One Day at a Time: The New '24'

Fox Network Thriller's Season Begins

By: - Jan 17, 2007

One Day at a Time: The New '24' - Image 1 One Day at a Time: The New '24' - Image 3 One Day at a Time: The New '24' - Image 4 One Day at a Time: The New '24' - Image 5 One Day at a Time: The New '24'
'24', Fox TV, Jan. 14 & 15, Sunday 8-10, Monday 8-10, Season Opener.
Regularly scheduled: Monday, 9-10
Starring Keifer Sutherland as Jack Bauer

   I remember as a kid being taught 'duck and cover' as a response to possible (even inevitable) nuclear attack. Even up to the late 80's and the fall of the Berlin Wall, I still had dreams of the moment of detonation, and the sinking feeling that life as I knew it had come to an end. That paranoia, the Biblical Armageddon redux, haunted my generation. With the end of hostilities against the Soviets (I'm still not entirely relaxed about their potential for mischief) my dreams ceased, to be peopled by various archetypes of contemporary instability but none with the scathing implications of the former holocaust.

   Not until the new season of '24', Fox's premiere drama starring Kiefer Sutherland as the dogged, be-numbed, brutal/brutalized and ever loyal black-ops agent of the United States government, has the memory of that primal fear been reconstituted. As Jack is released by the Chinese having been detained for two years after killing a Chinese diplomat in a raid, the season begins with multiple attacks on American cities by suicide bombers, and the securing of many Middle Eastern and other 'suspect' citizens in newly organized detention camps. The culture is pervaded by xenophobic anxieties, which occasionally lead to violence. In one such situation a family notices a neighboring man being taken into custody by FBI-type police (black glasses, bad suits, ear-pieces). The father of the 'Anglo' family rushes to the aid of the 'other', protesting his innocence and intervening as the son of the detainee has a violent reaction. We learn later, however, that although the father is innocent, in fact the son is connected to an active terrorist plot. So one never knows!

   If you've watched '24' on a regular basis you know that the producers do not abide in any particular political camp. We are treated to betrayals within the government at the highest level (last season's President was in cahoots with Russian terrorists), seeming terrorists who should be bad guys, but are in a position to help our side as in the current situation where 'Asad', a past assassin, is now helping us locate 'Fayed' who is responsible for the current rash of attacks. There are moles within the CTU (Counter Terrorist Unit) on occasion, and there is always a struggle on the part of the leadership to recognize the worth of Jack Bauer's unorthodox methods.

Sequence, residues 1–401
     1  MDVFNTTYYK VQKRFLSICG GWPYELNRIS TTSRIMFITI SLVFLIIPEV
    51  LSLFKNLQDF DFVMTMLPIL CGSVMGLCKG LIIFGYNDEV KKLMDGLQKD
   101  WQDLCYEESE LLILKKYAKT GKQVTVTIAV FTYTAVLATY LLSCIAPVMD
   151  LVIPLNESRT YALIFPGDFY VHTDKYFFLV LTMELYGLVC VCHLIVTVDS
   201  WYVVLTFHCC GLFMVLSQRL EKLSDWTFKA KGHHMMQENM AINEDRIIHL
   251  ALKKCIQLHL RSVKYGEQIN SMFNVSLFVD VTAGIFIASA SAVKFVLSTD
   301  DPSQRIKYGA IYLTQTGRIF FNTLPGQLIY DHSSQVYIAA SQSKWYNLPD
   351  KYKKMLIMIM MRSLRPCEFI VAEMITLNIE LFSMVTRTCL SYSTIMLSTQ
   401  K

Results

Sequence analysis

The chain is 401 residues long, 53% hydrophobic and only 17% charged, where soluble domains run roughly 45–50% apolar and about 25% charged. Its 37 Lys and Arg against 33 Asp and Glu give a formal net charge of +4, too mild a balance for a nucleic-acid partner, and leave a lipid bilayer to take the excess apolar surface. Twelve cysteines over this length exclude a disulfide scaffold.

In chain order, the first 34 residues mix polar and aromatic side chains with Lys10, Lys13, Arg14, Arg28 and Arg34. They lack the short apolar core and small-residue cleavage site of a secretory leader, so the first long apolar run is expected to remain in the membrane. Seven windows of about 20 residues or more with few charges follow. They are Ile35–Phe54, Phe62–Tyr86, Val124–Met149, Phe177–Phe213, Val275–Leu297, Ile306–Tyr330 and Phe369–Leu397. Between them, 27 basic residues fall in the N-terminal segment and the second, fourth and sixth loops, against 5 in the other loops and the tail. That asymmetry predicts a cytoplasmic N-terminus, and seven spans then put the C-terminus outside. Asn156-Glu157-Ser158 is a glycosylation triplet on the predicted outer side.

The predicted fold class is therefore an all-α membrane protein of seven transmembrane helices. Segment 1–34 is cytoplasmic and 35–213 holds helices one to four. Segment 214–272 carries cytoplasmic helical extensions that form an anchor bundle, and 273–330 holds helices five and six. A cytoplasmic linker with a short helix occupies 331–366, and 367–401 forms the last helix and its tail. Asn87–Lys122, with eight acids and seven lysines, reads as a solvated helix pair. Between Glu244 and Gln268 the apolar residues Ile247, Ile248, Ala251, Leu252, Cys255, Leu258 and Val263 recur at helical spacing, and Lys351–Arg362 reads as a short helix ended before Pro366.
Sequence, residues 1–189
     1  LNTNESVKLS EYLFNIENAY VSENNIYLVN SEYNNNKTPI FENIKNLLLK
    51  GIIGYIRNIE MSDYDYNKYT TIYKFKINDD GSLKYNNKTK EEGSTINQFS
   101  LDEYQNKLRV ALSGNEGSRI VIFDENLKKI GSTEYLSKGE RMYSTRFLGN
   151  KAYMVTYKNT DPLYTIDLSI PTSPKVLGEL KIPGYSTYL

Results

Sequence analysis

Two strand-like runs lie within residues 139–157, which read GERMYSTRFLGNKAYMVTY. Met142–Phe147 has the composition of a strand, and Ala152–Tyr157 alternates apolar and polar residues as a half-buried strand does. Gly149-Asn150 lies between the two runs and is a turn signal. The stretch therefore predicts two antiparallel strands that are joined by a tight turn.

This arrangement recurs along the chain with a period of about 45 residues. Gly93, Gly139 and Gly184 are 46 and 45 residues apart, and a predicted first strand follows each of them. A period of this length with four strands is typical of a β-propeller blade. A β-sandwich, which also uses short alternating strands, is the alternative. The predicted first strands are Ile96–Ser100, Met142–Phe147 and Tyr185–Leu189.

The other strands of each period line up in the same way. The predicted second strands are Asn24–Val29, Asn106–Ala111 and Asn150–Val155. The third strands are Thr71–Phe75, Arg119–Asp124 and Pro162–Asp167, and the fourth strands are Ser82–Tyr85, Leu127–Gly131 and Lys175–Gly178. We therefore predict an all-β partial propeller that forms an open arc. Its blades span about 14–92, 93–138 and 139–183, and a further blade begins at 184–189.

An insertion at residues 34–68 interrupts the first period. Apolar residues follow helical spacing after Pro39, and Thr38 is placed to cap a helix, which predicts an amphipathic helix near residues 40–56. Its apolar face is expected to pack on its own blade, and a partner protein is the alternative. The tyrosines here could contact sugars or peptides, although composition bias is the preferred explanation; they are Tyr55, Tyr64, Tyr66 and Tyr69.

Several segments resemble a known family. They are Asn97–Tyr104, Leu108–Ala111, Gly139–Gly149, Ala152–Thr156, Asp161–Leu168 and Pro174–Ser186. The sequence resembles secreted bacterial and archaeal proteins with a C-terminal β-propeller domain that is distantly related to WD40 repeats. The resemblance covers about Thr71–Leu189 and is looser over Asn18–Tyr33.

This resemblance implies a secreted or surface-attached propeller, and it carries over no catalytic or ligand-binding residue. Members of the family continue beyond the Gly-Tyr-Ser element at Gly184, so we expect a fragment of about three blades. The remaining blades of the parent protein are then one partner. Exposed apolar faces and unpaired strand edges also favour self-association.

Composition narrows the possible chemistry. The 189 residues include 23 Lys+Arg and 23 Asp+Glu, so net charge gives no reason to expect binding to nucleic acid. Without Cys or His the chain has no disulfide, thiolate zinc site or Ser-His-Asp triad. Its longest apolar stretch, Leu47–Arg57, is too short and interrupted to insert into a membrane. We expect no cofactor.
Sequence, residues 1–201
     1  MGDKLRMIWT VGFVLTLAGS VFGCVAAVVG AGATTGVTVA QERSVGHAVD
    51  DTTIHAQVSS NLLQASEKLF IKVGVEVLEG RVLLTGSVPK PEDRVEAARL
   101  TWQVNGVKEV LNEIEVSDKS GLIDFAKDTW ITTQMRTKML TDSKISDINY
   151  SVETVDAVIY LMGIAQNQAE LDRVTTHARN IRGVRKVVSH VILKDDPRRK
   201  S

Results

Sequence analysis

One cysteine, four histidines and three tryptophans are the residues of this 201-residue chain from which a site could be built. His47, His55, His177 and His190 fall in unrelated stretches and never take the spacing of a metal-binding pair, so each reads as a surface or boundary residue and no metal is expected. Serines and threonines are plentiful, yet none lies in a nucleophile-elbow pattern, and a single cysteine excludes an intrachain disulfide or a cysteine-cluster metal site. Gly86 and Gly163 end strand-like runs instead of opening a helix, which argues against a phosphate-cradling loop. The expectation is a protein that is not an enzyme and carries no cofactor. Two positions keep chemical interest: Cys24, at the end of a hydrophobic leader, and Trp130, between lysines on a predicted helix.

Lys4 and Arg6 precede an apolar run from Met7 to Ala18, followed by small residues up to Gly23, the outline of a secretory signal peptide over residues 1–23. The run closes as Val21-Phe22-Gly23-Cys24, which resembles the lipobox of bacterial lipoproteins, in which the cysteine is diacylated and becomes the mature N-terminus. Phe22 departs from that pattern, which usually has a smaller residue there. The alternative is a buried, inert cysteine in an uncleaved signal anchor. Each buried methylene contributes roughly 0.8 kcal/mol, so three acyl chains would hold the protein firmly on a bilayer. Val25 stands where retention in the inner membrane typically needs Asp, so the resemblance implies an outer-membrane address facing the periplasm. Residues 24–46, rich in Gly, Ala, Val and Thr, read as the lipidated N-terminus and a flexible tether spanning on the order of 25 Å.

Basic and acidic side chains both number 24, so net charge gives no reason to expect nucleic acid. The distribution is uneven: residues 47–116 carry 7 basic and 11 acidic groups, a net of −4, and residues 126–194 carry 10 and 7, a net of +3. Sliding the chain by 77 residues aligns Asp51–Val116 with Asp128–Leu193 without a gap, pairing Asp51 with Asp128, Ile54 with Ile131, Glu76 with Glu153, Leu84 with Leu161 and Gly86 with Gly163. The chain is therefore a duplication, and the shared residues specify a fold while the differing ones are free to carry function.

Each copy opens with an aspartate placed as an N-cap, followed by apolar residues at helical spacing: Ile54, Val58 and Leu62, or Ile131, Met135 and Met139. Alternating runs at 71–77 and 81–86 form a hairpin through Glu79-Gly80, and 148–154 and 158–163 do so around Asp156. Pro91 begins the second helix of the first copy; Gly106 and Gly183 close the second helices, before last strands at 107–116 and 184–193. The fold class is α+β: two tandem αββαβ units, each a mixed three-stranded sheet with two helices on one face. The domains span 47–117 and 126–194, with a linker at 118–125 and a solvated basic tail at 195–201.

So far this season we have a crisis of confidence at the level of the President (Wayne Palmer, brother of slain President David Palmer) whose Special Advisor, Thomas Lenox, supported by a slightly doubting National Security Advisor, Karen Hayes, insists upon draconian measures in response to the terrorist acts. Unforgiving dragnets yield both innocent, and without a doubt, actively guilty parties.The survival of the Constitution as a guarantee of accountability is failing in the light of public hysteria and the repressive response by the government.

    The fourth hour of the season premiere leads to a botched raid on the terrorist hideout where escaped detainee Numair is installing the triggering mechanism for a Russian-made suitcase nuke. Jack Bauer is on the other side of town. He has just shot Curtis Martin, CTU field agent who was about to kill Asad for crimes committed in Iraq against members of the US team. Asad was known to have beheaded two Americans at the time, and Curtis is unwilling to allow a pardon from the President to take effect. Curtis is down, and Jack is devastated at having shot his long time friend and compatriot. He speaks with the President by cell, and declares that he cannot work the case any longer. Just at that moment we see the mushroom cloud rise over LA, and we know the nightmare scenario has become a reality. Jack gazes at the sight with a mixture of despair, fury and exhaustion. Just the feelings we might have, at least in our fantasies. I suppose for real I'd be Â…I really can't even conjure it. At the tail of the episode we learn, in fact that there are four more nukes ready to blow, and we are left with faint hope when Jack declares that he's back on the job 'after seeing this."

    There has been some flack about the nuclear image raising its ugly head right now, a kind of xenophobic manipulation by Rupert Murdock that some see as egregious. It is, of course, our worst fear, and so does play into the atmosphere of fear that has carried so much weight in our country since 9/11. At the same time, like all good serial stories, we are left on the edge of our seats waiting for the next move. Good showmanship, if not citizenship.

    I wonder, though, how long the format of '24' will remain exciting. The cut up screen with multiple story lines moving simultaneously is now normalized. We've learned to think in multiplicities. The 'calamity Jane' ticking clock tension with the same interactions of President, administrators, technicians, terrorists and the goofy public may wear thin. I will be loyal for this season, as I also am to the OC (which has been rumored to be in its last hurrah) because I love the Story as a phenomenon, and these are still pretty good stories. As Bill Cosby used to say, "Scare me to death, man, scare me to death!"